These two documents are part of a series of articles on e-gaming (“A Conspiracy to Commit Fraud”) and present the findings of a two-year investigation into this matter. A considerable number of source documents supporting the claims made in these articles – and this letter initiating a complaint – are too voluminous to provide in hard copy form. However, they can be easily accessed and downloaded from links contained in these two documents from my website.
As described in my articles, the nature of my complaint against Mr. Dow is two-fold: (1) that Billy Dow had a conflict of interest while representing the government on the e-gaming file; and, (2) that Billy Dow both acted and failed to act in ways that did not properly serve and protect his client, the PEI government, especially regarding his handling of the $950,000 e-gaming loan issued to the Mi’Kmaq Confederacy of PEI from the PEI Century Fund.
I identify some of these actions (and failures to act) with more precision below; however, the more substantive information and contextual details supporting these allegations will not be restated here; again, they can be found in the supporting documents (and the sources provided therein).
Previous Complaint Against Billy Dow
I am aware that a previous complaint alleging that Mr. Dow had a conflict of interest with his involvement in the e-gaming file was previously filed with the PEI Law Society by the former Leader of the PEI New Democratic Party (Michael Redmond), and resulted in a disciplinary committee ruling that Mr. Dow was not in a conflict of interest.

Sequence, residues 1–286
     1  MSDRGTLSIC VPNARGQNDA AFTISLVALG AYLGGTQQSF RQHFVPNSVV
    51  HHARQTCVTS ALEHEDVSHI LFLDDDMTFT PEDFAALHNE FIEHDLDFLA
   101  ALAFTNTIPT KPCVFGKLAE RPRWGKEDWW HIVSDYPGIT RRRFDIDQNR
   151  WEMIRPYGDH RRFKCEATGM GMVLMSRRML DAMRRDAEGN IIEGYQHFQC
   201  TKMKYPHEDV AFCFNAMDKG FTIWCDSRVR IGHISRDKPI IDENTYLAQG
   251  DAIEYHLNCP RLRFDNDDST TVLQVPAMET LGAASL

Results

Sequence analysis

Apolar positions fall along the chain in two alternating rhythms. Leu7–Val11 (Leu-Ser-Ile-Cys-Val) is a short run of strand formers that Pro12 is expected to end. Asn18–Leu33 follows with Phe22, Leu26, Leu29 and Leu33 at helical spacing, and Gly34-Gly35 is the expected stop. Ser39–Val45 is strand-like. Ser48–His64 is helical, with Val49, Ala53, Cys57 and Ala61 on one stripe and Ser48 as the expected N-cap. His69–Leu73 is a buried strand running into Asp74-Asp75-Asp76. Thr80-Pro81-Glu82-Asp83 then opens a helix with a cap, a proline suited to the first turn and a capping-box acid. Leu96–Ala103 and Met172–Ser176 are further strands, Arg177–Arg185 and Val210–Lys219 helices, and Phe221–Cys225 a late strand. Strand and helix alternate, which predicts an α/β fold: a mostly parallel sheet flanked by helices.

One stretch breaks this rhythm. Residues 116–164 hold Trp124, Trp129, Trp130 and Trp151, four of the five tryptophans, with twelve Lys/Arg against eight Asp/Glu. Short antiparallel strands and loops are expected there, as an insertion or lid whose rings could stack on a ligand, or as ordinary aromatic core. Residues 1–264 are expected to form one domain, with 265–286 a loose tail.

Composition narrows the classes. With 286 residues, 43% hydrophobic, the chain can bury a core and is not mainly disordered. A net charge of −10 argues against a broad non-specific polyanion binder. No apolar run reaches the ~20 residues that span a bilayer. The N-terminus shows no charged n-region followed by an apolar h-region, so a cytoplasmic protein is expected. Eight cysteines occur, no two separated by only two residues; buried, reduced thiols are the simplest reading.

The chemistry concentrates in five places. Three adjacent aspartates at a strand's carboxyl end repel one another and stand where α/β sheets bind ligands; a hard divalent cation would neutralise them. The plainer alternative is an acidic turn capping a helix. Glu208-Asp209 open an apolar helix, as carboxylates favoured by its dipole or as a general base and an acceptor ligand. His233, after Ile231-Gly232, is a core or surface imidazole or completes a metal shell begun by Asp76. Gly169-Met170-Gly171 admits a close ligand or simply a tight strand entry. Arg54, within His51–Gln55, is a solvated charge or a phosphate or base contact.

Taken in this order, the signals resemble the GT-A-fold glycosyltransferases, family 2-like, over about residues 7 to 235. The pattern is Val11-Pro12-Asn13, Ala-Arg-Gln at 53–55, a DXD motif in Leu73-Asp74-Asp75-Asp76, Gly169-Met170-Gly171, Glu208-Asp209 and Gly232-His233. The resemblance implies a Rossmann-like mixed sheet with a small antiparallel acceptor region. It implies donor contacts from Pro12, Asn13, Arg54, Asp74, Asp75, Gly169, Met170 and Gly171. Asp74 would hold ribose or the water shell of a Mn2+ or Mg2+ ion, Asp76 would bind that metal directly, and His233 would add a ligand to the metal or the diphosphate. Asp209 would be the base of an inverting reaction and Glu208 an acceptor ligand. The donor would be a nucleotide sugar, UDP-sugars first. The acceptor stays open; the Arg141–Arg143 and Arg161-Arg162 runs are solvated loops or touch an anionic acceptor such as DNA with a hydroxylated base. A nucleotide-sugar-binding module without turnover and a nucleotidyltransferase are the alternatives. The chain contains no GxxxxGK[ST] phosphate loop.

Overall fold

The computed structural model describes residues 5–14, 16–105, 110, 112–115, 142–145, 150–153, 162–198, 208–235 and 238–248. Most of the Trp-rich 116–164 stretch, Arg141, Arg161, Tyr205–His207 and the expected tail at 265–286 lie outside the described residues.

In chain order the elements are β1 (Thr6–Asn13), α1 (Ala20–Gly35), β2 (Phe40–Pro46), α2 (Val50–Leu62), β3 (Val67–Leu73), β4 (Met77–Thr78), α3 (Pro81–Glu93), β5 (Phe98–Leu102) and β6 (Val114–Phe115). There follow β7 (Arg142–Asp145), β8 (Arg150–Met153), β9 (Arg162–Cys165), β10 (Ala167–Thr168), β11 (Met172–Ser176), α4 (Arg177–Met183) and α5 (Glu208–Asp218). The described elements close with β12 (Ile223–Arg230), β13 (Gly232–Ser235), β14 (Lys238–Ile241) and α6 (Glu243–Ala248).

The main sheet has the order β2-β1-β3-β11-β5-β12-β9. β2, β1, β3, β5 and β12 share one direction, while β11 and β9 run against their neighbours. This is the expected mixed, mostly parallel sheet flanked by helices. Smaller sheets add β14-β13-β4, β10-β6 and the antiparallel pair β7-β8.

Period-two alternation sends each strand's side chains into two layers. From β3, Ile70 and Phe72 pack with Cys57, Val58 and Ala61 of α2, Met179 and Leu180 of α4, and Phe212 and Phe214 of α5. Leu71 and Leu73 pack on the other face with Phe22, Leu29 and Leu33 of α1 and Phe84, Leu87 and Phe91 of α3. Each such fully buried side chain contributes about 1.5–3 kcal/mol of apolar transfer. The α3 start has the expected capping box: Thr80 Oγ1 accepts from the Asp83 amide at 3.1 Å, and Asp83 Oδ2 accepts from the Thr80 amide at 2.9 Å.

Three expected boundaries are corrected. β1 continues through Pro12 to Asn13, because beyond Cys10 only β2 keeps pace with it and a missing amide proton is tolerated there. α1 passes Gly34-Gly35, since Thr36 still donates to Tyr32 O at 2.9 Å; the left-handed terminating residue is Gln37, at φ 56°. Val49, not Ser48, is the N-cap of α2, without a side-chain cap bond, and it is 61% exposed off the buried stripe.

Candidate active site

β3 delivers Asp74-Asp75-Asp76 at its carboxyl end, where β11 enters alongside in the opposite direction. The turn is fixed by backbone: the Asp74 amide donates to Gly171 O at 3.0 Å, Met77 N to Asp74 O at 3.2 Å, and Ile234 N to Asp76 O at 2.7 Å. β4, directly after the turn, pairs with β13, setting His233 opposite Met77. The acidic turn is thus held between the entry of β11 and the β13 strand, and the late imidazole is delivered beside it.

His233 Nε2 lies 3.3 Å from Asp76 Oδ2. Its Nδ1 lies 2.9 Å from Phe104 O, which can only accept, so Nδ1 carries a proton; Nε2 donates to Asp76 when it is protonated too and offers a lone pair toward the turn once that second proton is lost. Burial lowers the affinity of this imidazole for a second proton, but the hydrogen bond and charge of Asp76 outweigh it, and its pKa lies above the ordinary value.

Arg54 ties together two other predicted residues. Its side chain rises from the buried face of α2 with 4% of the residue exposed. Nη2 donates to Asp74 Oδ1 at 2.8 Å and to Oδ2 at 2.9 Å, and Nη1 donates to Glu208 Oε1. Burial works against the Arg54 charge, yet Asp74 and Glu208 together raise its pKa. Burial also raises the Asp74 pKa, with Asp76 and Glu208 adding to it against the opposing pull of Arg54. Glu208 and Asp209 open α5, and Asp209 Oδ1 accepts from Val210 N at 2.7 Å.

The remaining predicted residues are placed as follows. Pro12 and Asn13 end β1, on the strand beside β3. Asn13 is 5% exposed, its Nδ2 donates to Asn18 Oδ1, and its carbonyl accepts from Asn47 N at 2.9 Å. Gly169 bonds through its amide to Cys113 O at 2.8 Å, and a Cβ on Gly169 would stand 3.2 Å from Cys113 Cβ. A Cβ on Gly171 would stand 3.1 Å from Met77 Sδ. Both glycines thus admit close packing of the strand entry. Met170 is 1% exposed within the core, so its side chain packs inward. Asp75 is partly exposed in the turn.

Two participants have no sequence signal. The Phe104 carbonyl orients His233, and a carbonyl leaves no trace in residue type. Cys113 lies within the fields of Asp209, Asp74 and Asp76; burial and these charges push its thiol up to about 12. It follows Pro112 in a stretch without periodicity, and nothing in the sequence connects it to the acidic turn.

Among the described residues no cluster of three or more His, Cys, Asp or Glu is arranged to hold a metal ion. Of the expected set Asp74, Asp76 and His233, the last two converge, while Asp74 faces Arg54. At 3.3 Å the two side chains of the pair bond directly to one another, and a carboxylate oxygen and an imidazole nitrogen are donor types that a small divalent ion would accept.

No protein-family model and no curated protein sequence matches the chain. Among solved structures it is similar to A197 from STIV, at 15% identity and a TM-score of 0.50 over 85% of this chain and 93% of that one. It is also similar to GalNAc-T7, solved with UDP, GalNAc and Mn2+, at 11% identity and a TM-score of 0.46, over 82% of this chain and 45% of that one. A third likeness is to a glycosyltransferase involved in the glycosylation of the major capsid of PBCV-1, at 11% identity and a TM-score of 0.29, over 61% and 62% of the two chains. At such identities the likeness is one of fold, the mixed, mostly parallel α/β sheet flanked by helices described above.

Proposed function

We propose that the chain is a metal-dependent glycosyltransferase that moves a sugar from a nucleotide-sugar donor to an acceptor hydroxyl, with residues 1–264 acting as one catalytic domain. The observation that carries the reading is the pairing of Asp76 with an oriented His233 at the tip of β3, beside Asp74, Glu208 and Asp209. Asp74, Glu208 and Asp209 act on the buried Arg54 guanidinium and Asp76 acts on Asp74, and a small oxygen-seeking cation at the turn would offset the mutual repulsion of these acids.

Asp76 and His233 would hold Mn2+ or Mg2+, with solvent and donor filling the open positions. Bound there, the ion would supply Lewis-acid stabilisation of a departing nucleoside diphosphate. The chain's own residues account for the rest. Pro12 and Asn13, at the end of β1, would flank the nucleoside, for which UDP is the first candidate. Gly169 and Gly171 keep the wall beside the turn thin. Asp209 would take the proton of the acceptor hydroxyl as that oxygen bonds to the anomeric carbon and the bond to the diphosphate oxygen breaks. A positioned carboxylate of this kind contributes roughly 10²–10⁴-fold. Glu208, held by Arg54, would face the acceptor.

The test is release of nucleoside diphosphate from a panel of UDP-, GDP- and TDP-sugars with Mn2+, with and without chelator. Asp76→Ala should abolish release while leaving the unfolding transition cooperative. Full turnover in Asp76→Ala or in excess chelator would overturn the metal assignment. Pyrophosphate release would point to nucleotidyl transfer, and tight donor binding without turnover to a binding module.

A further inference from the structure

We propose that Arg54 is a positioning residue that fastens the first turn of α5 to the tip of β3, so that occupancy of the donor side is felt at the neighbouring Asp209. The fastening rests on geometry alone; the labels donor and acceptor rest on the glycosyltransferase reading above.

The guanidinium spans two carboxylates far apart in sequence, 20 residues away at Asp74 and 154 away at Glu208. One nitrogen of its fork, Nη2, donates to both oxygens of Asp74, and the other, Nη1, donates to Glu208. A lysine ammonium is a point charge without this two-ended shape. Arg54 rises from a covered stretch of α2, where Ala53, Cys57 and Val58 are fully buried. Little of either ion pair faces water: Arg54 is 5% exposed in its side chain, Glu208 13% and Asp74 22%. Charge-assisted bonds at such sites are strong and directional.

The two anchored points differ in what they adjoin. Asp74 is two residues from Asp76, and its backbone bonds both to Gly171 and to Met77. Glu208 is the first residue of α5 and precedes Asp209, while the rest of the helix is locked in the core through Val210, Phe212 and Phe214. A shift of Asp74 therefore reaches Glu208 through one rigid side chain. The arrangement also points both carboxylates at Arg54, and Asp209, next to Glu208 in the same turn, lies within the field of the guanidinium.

Redmond’s complaint related specifically to Mr. Dow’s involvement in the signing of a Memorandum of Understanding (MOU) in the late summer/fall of 2012 between the PEI government and Trinity Bay Technologies (TBT) [a wholly-owned subsidiary of Capital Markets Technologies (CMT)]. This issue is not the basis of my complaint.
New documents have recently come to light, as a result of filings with the PEI Supreme Court, revealing that Mr. Dow’s involvement in the e-gaming file did not begin with his involvement with the MOU in 2012, but that he was retained by the PEI government to act as outside counsel on the entire e-gaming project much earlier, in February, 2010. Mr. Dow continued to act in that capacity up to and beyond the date the PEI government ended the e-gaming project on February 24, 2012.
Conflict of Interest
My allegation that Mr. Dow was in a conflict of interest stems from the fact that while acting as the PEI government’s legal counsel on the e-gaming file, Mr. Dow purchased shares in Capital Markets Technologies (CMT) in July, 2011 when CMT was in discussions with the PEI government on possible involvement with e-gaming; in particular, discussions pertaining to the establishment of a financial transaction platform in PEI and the recruitment of gaming companies to PEI. The details pertaining to this matter are contained in Appendix “A”.
The Law Society of Prince Edward Island’s “Approved Code of Professional Conduct” defines a conflict of interest as follow: